BREAKING: FPA Briefs SCOTUS on Behalf of Praying Coach
|A high school football coach who was fired for praying on the field after games is about to have his case heard in the U.S. Supreme Court. And you – through your support and engagement with Family Policy Alliance – are in the thick of the action as it heads to the Court.
When Joe Kennedy coached the high school football team in Bremerton, Washington, he regularly prayed alone briefly at the 50-yard line following games. At one point, a couple of his students asked if they could join. He responded that it’s a free country, and so they did.
Eventually, nearly half of the team had joined him, along with students and even coaches from the other teams. Suddenly, he was told by the school that he could no longer pray publicly. At first, he followed their order, but then he felt that his freedoms of speech and religion were being violated, and so he continued his prayers.
The school district fired him, saying that they needed to avoid violating the Establishment Clause. At issue in the case is whether Coach Kennedy has speech and religious rights to pray briefly in public.
With your support, Family Policy Alliance is engaging directly on this case. Today, we filed an amicus (friend of the court) brief with the U.S. Supreme Court. Justices regularly read such briefs and sometimes even cite them in their opinions.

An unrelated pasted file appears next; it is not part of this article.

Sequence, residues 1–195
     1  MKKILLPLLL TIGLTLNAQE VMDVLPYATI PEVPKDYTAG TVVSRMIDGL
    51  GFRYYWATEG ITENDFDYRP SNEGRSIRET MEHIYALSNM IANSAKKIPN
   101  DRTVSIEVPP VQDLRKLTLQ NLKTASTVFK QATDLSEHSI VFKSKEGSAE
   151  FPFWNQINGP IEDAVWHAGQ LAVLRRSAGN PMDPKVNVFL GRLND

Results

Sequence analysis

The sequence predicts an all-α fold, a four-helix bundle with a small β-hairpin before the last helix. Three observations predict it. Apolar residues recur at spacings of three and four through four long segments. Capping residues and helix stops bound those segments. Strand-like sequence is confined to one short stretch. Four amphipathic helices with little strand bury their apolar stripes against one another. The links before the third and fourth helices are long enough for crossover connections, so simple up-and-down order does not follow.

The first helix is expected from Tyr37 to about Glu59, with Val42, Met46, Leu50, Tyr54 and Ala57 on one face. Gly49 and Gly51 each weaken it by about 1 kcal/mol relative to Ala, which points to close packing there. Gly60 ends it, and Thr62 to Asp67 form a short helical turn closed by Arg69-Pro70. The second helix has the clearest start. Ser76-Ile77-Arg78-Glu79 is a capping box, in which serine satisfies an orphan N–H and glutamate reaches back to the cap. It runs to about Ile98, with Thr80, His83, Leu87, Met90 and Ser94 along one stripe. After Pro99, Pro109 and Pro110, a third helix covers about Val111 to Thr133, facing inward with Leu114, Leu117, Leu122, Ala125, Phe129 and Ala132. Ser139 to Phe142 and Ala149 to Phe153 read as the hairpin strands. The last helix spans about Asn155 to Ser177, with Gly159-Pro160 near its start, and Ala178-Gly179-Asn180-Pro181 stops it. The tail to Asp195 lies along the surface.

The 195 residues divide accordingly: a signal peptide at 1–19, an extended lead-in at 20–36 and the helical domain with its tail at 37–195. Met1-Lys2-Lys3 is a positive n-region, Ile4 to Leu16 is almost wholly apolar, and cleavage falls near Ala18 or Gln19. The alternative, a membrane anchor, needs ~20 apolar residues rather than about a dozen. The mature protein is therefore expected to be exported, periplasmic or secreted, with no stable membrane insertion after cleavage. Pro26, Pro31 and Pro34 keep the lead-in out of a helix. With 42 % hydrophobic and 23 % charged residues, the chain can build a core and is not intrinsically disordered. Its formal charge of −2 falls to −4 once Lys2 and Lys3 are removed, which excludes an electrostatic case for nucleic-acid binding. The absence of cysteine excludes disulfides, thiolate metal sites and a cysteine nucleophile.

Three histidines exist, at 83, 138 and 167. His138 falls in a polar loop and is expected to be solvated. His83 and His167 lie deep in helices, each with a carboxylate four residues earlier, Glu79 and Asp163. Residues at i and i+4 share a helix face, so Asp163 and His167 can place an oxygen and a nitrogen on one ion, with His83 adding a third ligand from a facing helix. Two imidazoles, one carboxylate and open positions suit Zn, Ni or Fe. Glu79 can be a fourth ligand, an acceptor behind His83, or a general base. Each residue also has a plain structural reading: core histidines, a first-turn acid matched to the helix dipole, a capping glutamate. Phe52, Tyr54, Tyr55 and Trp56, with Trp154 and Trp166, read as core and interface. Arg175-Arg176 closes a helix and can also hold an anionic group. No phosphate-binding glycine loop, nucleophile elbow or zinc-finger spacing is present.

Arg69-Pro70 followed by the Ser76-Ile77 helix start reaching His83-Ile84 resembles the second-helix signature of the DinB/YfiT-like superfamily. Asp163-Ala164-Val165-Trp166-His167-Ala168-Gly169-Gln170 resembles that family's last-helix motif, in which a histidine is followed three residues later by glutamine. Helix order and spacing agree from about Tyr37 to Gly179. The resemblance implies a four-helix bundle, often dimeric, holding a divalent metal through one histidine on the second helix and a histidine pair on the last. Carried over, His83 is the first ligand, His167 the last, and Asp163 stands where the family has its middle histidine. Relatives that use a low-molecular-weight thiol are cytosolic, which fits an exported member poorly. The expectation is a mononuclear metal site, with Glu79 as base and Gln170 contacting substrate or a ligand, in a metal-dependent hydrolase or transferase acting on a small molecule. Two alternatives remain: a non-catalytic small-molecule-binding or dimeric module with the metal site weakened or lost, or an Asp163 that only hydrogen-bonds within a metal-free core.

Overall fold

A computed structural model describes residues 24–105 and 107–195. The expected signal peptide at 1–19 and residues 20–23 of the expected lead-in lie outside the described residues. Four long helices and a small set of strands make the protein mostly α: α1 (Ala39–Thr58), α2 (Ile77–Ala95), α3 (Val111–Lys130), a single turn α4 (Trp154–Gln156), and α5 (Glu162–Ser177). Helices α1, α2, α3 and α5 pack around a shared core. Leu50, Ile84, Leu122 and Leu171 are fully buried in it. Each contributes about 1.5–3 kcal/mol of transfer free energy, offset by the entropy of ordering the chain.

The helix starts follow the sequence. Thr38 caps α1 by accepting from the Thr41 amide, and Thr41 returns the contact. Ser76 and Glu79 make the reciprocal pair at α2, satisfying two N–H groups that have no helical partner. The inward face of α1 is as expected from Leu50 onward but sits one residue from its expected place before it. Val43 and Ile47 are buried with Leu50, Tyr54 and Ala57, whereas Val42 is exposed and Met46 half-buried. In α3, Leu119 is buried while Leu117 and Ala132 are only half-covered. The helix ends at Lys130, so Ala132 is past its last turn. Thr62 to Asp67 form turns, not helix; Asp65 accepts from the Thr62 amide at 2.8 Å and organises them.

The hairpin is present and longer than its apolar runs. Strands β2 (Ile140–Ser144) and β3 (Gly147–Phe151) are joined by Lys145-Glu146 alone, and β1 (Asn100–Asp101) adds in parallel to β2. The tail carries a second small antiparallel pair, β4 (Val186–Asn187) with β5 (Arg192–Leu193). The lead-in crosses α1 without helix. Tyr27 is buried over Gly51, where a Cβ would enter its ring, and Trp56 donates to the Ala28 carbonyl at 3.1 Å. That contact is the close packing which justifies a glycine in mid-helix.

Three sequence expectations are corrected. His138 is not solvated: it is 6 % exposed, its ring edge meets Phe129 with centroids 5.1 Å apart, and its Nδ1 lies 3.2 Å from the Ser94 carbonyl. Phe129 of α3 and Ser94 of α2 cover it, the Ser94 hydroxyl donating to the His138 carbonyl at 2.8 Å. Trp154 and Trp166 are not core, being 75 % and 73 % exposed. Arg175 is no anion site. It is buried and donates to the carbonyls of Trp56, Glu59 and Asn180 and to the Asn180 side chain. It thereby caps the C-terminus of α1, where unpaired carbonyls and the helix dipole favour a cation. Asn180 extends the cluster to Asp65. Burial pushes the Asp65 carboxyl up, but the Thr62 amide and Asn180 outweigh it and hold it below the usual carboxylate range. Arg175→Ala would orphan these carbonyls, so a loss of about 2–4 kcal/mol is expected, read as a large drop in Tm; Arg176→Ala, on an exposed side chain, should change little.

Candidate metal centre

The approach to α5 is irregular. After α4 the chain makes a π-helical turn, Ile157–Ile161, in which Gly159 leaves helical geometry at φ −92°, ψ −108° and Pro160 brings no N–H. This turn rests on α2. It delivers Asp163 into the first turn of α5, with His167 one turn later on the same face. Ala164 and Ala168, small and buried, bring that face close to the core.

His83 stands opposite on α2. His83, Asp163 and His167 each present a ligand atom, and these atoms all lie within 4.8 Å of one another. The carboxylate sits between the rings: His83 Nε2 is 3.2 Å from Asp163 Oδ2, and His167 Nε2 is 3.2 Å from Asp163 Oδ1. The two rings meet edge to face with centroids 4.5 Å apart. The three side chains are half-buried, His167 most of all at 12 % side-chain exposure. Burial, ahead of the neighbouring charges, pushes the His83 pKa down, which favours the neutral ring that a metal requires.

Among other things, this powerful brief (which can be found on the Supreme Court website) points out that public schools allow all sorts of highly controversial beliefs, while singling out religious views for particular discrimination:
“[T]raditional religious beliefs are uniquely targeted for censure, while a host of comparable, religious-like beliefs receive a free pass or even endorsement. Rather than creating ‘neutrality between religion and religion, and between religion and nonreligion,’ a reasonable observer would comprehend that traditional religion alone is being treated as poisonous and inappropriate in society.”
Family Policy Alliance filed the brief together with 29 state family policy councils from around the country, including Pennsylvania’s Independence Law Center, which authored the brief. Family Policy Alliance is pleased to host this alliance of independent state-based family policy councils around the country. Together, this alliance advocates on behalf of more than a million citizens across the nation.
Please pray for this critical case. And thank you for making this effort possible with your support.
Director of State Alliances